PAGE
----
Danish Arla says implicated in China milk scandal
COPENHAGEN (Reuters) - Danish-Swedish dairy cooperative Arla said on Tuesday its Chinese joint venture Mengniu Arla's baby formula had been implicated in a growing Chinese infant milk scandal.
Chinese officials last week ordered a nationwide probe into all baby milk powders after it was reported that dozens of children had developed kidney stones after drinking tainted formula.
Chinese state media said on Tuesday that 20 percent of the country's dairy firms probed in the wake of the health scare have been found to have produced melamine-tainted formula.
Arla Chief Executive Peder Tuborgh told Danish media that three out of 28 tests taken from the firm's Chinese partner Mengniu showed traces of melamine, a banned toxin.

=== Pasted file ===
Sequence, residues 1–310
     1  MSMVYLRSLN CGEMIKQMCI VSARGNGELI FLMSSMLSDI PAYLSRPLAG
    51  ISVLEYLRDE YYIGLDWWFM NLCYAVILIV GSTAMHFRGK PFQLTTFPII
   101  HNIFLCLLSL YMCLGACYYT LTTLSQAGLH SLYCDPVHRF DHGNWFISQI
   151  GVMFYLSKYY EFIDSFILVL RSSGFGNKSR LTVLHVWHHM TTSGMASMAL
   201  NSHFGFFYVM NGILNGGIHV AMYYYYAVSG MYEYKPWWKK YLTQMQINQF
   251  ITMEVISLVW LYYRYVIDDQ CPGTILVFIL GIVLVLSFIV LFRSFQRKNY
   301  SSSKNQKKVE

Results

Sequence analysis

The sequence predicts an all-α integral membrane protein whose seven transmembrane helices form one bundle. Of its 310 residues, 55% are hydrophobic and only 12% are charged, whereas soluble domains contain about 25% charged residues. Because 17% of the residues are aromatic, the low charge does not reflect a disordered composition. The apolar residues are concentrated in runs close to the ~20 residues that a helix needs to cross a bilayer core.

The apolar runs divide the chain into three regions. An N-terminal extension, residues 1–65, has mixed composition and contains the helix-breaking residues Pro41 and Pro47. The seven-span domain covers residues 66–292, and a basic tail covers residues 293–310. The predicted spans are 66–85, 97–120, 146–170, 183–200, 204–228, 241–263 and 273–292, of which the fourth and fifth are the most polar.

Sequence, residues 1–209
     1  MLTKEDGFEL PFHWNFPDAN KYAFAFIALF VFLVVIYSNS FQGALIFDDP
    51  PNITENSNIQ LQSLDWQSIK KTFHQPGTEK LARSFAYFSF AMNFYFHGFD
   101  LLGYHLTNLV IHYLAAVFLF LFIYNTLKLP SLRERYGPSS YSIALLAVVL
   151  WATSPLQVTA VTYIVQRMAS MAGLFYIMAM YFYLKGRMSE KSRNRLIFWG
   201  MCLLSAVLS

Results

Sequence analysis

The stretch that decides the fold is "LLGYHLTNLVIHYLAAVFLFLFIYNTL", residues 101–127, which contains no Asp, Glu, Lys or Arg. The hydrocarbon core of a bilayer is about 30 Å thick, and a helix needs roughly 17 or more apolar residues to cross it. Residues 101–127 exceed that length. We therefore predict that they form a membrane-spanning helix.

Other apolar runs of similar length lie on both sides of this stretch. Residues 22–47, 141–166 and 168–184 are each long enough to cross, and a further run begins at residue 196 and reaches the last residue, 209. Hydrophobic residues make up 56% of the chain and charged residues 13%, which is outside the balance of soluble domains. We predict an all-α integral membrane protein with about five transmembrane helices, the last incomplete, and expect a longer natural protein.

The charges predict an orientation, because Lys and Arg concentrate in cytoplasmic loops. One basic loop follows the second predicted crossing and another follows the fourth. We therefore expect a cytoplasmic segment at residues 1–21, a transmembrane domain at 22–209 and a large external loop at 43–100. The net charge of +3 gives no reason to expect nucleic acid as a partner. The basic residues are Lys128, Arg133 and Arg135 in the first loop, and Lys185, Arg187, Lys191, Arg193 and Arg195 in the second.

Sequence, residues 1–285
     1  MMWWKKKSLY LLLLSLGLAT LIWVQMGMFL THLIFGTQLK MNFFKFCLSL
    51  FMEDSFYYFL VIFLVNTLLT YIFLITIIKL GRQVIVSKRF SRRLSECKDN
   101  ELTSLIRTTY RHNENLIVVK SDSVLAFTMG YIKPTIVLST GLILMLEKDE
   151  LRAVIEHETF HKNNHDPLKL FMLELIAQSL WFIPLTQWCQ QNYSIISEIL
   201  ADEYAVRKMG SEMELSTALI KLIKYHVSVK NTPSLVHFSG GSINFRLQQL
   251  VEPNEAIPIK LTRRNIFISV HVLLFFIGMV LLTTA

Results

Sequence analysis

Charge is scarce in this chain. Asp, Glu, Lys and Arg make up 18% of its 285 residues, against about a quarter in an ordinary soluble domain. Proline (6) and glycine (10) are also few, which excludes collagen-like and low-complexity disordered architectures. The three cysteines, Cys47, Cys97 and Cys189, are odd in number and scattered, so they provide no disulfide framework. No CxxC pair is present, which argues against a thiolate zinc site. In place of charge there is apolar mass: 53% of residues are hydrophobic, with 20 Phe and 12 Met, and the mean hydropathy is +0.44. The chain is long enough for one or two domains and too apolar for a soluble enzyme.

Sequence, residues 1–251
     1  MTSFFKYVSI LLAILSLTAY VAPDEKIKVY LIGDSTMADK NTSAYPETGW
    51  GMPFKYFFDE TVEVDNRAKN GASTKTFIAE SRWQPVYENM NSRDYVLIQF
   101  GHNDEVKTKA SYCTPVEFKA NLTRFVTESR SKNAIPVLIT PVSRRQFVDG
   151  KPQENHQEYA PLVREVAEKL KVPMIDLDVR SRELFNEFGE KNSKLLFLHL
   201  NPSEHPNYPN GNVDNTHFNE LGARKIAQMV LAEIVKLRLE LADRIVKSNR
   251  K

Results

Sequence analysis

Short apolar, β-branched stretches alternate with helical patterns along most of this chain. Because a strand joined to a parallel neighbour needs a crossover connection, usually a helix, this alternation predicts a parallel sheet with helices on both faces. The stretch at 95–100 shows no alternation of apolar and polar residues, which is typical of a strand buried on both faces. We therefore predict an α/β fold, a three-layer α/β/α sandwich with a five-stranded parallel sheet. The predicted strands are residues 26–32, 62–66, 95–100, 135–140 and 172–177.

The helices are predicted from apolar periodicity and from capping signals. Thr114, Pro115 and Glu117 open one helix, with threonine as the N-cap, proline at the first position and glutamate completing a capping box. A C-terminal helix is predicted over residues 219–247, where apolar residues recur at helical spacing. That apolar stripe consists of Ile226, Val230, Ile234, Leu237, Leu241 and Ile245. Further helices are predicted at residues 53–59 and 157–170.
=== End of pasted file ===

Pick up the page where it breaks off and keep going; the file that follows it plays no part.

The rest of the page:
The joint venture, Mengniu Arla, produces Mengniu's milk powder.
"Of course it's a disaster and a terrible catastrophe for the consumers," Tuborgh told reporters while on a trip to visit a new plant in Hohhot, Mongolia.
Tuborgh said Mengniu Arla was recalling products, but did not wish to speculate on the further significance the discovery would have.
Two infants have died and more than 1,200 have been diagnosed with kidney illness in the growing scandal.
Arla, which is owned by about 8,500 Danish and Swedish farmers is one of the largest dairy firms in the world with global brands such as Lurpak butter and Apetina cheese.
(Reporting by Kim McLaughlin)
- Malaysia Airlines loses contact with plane carrying 239 people |
- Man called Bitcoin's father denies ties, leads LA car chase
- Ukraine standoff intensifies, Russia says sanctions will 'boomerang' |
- Florida mayor fights backyard gun ranges in 'Gunshine State'
- Apple loses bid for U.S. ban on Samsung smartphone sales